Life of Pi: See It Stoned

Reviews of the latest films.
Nov. 21 2012 11:24 AM

Life of Pi

See it stoned.

Suraj Sharma in Life of Pi.
Suraj Sharma in Life of Pi

Photograph courtesy 20th Century Fox Film Corporation.

After You've seen Life of Pi, come back and listen to our Spoiler Special with Dan Engber and Dana Stevens.

Dana Stevens Dana Stevens

Dana Stevens is Slate's movie critic.

Life of Pi, Ang Lee’s adaptation of the best-selling 2001 novel by Yann Martel, might be a good movie to see stoned—or maybe it’s just one that makes you feel as though you already are stoned, floating along on a sea of hyper-crisp 3-D images and evanescent spiritual insights. I suppose it’s suitable that Life of Pi would be a movie that sets its viewers mentally adrift in this way, since it’s about someone who’s literally adrift: A young Indian man named Pi who survives a shipwreck, only to find himself stranded in a lifeboat with a hungry Bengal tiger.

Why was a tiger crossing the ocean the first place? Well, Pi’s father (Adil Hussain), the owner of a zoo in Pondicherry, has decided to emigrate with his animals, wife, and two young sons to start a new life in Canada. After a stiff frame-story setup in which a French-Canadian writer (Rafe Spall) sits down for an interview with the middle-aged Pi (Irrfan Khan), there’s an extended whimsical flashback to Pi’s childhood in India. As a dreamy grammar-school misfit (played by Ayush Tandon), he annoys his modern-minded atheist dad by incorporating Christian and Muslim prayer into his daily rituals. But later, in his teen years (as played by Suraj Sharma), Pi’s spiritual bent will serve him well. If you’re going to spend months alone in a lifeboat with a giant carnivorous jungle cat, you’d better know how to pray in several languages.

The long middle section—the movie’s strongest stretch— plays like a hallucinogenic mashup of Hitchcock’s Lifeboat, the reality show I Shouldn’t Be Alive, and a soothing promotional video that might play on a loop in the waiting room of a very fancy Ayurvedic spa. Many scenes involving the logistics of Pi’s struggle for survival on the raft aim for conventional verisimilitude and suspense—and achieve a surprising degree of both, given that the tiger is a CGI creation and the protagonist’s survival is already assured. But now and again Lee will veer off on lush imagistic tangents, his camera plunging to explore luminescent jellies beneath the ocean’s surface or rising into the heavens to look down on boy and tiger from a chilly stars’-eye-view.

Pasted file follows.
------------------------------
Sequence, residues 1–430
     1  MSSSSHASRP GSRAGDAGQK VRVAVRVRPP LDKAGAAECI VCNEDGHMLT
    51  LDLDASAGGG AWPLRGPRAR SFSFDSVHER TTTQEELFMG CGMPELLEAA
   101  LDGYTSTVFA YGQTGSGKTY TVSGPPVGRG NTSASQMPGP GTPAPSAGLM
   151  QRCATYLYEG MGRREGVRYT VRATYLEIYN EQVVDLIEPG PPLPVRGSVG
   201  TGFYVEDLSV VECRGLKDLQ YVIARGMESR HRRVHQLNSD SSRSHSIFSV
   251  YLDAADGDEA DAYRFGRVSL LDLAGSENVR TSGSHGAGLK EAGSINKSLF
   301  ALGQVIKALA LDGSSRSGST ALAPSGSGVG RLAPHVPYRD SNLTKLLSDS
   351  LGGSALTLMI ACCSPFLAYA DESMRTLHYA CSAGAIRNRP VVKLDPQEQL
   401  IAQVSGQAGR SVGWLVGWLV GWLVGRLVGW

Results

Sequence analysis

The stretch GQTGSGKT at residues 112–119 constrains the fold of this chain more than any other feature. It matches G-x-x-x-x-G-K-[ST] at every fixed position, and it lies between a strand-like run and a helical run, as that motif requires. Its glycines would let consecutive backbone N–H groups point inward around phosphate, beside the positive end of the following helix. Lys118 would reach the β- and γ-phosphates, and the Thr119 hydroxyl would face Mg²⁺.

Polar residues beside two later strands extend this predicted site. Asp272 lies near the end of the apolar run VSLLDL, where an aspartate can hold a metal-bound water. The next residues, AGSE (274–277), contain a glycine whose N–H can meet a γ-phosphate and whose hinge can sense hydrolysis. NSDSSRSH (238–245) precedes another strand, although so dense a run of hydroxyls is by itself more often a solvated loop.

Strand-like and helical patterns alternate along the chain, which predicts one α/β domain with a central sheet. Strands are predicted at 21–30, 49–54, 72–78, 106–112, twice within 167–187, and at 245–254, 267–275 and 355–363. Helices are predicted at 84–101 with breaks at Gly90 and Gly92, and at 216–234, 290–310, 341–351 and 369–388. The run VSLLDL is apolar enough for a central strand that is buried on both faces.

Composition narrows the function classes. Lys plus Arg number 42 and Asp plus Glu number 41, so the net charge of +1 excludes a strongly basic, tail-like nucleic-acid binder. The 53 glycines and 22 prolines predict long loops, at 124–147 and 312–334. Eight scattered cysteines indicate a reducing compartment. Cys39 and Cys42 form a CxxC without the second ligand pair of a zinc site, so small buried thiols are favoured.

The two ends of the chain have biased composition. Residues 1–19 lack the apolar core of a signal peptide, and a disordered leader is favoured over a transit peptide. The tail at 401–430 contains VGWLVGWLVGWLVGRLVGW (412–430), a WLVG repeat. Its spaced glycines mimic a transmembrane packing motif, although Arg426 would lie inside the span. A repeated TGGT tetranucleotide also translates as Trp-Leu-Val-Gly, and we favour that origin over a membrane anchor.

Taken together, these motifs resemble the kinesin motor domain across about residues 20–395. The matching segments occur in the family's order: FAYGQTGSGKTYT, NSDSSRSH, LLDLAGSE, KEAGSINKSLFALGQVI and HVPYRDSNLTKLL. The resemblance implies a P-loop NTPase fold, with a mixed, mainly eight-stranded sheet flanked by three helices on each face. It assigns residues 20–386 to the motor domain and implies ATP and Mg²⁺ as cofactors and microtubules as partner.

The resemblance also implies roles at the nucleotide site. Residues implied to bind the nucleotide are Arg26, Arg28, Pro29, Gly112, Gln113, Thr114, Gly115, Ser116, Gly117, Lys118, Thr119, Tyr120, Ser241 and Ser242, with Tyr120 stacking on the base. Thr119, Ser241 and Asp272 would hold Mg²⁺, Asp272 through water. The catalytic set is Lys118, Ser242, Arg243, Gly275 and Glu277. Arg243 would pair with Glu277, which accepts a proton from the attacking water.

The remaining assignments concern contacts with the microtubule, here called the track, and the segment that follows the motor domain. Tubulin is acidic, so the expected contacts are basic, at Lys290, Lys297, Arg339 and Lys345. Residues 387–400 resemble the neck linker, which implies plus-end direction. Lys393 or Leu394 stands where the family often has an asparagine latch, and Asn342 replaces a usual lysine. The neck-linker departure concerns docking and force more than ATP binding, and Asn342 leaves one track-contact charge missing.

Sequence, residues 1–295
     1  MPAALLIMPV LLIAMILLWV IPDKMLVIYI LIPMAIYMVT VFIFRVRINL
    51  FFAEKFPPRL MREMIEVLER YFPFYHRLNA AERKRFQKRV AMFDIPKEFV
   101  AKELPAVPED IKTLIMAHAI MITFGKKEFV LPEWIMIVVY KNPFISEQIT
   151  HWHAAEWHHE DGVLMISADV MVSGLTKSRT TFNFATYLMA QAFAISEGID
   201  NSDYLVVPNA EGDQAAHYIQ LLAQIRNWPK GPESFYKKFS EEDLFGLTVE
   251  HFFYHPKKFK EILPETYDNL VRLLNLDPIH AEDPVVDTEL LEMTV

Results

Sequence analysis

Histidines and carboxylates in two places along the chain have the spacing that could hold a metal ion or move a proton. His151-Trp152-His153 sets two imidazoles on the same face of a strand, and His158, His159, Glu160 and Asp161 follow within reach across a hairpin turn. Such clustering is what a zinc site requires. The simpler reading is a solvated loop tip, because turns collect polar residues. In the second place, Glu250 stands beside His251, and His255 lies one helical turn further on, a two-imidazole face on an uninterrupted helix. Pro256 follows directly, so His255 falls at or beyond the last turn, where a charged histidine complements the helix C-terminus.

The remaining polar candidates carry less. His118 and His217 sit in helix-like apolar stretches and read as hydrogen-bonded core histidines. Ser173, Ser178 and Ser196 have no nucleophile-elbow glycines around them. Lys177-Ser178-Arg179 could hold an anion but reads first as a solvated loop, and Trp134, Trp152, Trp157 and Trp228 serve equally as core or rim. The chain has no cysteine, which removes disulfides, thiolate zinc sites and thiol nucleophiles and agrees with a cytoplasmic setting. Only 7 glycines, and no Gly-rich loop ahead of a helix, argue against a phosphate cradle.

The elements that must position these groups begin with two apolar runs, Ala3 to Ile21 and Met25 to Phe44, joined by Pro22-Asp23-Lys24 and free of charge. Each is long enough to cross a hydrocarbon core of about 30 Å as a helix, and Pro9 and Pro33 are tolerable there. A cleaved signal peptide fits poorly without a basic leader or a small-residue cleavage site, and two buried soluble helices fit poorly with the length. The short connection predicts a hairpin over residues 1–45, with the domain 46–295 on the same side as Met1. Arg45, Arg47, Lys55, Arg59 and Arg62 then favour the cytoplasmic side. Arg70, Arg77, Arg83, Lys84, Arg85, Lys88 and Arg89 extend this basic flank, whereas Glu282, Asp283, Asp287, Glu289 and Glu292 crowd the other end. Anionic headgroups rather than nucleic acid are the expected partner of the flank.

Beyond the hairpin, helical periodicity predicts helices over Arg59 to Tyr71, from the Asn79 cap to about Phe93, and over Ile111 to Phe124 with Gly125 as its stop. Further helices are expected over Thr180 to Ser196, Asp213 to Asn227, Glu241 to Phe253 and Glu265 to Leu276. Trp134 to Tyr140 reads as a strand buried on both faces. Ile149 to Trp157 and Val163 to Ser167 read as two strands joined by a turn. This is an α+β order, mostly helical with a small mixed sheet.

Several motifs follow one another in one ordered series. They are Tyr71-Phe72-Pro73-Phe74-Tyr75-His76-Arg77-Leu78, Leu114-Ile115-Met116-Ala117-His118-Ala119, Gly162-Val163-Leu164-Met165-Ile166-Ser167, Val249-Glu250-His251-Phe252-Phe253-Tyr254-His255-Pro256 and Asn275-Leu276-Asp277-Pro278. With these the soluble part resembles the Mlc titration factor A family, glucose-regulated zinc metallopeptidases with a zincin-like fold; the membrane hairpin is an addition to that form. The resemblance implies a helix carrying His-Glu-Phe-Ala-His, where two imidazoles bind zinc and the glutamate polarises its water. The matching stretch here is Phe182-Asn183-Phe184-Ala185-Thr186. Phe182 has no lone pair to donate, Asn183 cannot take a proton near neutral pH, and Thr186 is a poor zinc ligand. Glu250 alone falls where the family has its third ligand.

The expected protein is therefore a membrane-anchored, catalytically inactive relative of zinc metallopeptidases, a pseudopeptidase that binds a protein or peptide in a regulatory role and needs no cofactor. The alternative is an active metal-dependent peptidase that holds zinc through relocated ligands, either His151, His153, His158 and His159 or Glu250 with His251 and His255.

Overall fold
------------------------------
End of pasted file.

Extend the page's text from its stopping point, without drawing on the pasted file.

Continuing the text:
There’s something admirable about Lee’s commitment to lavishing sheer visual beauty on the viewer. Like his God-besotted hero, the director seems passionately in love with the natural world, even as he renders it with a high degree of technical artifice. The tiger is an extraordinarily convincing (and refreshingly unanthropomorphized) digital creation, the ocean water resembles thick molten glass, and the sky, often shown in unnatural shades of peach, gold, and celadon, has a palpable depth, as if the movie were being projected inside a transparent cube. Lee doesn’t do anything especially new with 3-D, and he’s not above having characters poke or throw objects at the lens in the medium’s oldest “hey, looky here!” gambit. But Life of Pi’s sophisticated use of the technology recalls Avatar’s rather than, say, Clash of the Titans. The image is remarkably bright, clear, and (to use the word James Cameron’s publicists seem to have implanted in all our brains with a chip) “immersive”—even if what we’re being immersed in feels at times like a vat of warm caramel.

For Life of Pi’s theology is as gauzy as its images are sharp. Everything happens for a reason in this best of all possible worlds, it seems—unless that world is a godless arena of dog-eat-dog carnage, which is also a distinct possibility. The story of the boy and the tiger in a boat wants to be both a magic-realist fable and a tense survival adventure, two modes of storytelling that undercut and sometimes undo one another. If this is all some symbolic parable about the soul’s struggle with itself, why bother to invest in the practical questions of how Pi will find fresh water or keep his food supply dry? If the tiger isn’t just a tiger but a stand-in for God or nature or the universal Other, do we still need to worry about him chomping off Pi’s arm?

In the disappointingly tiger-free last 20 minutes we hear Pi recount his incredible story, first to investigators at a Japanese shipping company shortly after his rescue and later, as an adult, to that wide-eyed French-Canadian novelist we had completely forgotten was sitting in Pi’s living room. The movie’s energy peters out in a series of book-club conversations about divine will, the power of storytelling, and the resilience of the human spirit. The ending’s pious dullness is enough to make you wish you were back on that lifeboat, where the most pressing questions weren’t spiritual but gastronomic: What’s on the menu for lunch, and what can I do to make sure it isn’t me?

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